THE SEPTEMBER 2 ISSUE OF THE MAGazine is a gem. Tom Boswell's treatise on Art Monk is thought-provoking. We will focus more closely on Art in the games we see on TV this season. He is a remarkable man and worthy of all the accolades he gets.
I owned and lived in a town house in the 1700 block of 19th Street from the mid-'50s to the '70s, and Michael Dolan's piece on Dupont Circle brought back many memories. Did you know that when Cissy Patterson's funeral was held at the residence on the circle, the enormous pile of dirt in the circle excavated for the tunnel was hidden behind a trucked-in stand of trees? Mrs. Patterson opposed the tunnel project, and the family paid to hide the dirt and appease her in death! GEORGE MACKINNON Leesburg
THREE CHEERS FOR THE WASHINGTON Post Magazine!
The recent feature articles on Washington history -- first those by Benjamin Forgey on National Cathedral and Rock Creek Park and then Michael Dolan's delightful account of Dupont Circle -- were well-written, well researched and illustrated with superb photographs.
I hope your other readers enjoyed them as much as I did and that they are only the beginning of a long series. SUE KOHLER Historian, U.S. Commission of Fine Arts Washington
AS A LOCAL RESIDENT SINCE THE MID- '30s, let me express my appreciation for the excellent piece on Dupont Circle.
There is one area of the circle's eccentricity upon which the article did not touch but has created much speculation on my part, and has not been answered to my satisfaction. I refer to the northbound streetcars, which used to travel around the circle in a clockwise fashion, right into the face of all other vehicular traffic, which was properly moving in a counter-clockwise direction. I can recall the terror I felt as a fledgling driver of Dad's 1934 Chevy coming face to face with one of Capital Transit's green behemoths, careening around the circle at a goodly clip. The story I kept getting in response to my curiosity about this traffic nightmare was that Cissy Patterson stormed at the city fathers, complaining of the potential noise of the streetcars passing her mansion, which was on the east side of the circle. The alleged disturbance of her tranquillity, so the story went, forced the location of the car tracks on the opposite, west side of the circle.KARL G. SORG Arlington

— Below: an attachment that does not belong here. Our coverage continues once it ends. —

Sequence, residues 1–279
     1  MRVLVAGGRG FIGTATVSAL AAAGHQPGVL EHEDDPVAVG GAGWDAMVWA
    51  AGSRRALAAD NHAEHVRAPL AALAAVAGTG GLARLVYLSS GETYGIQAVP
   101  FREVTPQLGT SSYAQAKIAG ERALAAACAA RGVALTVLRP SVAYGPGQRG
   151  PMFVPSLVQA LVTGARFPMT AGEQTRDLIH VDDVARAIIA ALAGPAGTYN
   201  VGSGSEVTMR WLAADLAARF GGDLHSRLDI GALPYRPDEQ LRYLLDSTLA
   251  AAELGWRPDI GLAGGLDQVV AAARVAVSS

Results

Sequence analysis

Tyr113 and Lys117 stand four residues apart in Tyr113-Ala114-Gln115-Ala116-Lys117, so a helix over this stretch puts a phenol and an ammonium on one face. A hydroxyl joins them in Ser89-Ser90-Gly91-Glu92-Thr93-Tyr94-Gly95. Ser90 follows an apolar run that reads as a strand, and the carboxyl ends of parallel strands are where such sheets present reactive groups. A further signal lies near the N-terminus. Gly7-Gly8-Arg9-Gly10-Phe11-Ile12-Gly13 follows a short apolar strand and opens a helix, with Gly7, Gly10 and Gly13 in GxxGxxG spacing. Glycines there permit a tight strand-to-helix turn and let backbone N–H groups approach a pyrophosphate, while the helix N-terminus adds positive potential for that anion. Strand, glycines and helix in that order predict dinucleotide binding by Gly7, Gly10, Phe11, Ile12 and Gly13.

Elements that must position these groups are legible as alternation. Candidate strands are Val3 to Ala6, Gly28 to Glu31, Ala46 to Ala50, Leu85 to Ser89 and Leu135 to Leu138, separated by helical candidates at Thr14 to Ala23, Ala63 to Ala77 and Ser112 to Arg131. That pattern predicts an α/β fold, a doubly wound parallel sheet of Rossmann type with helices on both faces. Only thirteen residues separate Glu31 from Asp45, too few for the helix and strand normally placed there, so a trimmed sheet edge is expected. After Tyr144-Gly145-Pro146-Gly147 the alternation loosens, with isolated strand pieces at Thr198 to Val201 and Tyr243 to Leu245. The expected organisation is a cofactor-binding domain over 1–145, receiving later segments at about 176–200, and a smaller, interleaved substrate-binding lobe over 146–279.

EDITOR'S NOTE: That's an interesting theory, but according to local transit historian Robert A. Truax, "The first horse-drawn streetcars came around the west side of the circle in the 1870s. Both the north- and southbound lines used the west side of the circle because the Union Railroad line came up on P Street and went west to Georgetown. The Connecticut and Park Railway continued north to Boundary Street, now Florida Avenue, and the easiest way was to have that line go out on the wrong side. All of that happened before the Patterson House was built." CONCERNING THE DUPONT CIRCLE story, the picture quoted as 1950 is not true. The boys in the photo wearing knickers date the photo prior to the mid-'30s. The cars in the background have straight windshields of the late '20s era. NORMAN S. MCMORROW JR. Springfield
EDITOR'S NOTE: Mr. McMorrow is correct. The photograph was taken in 1935.
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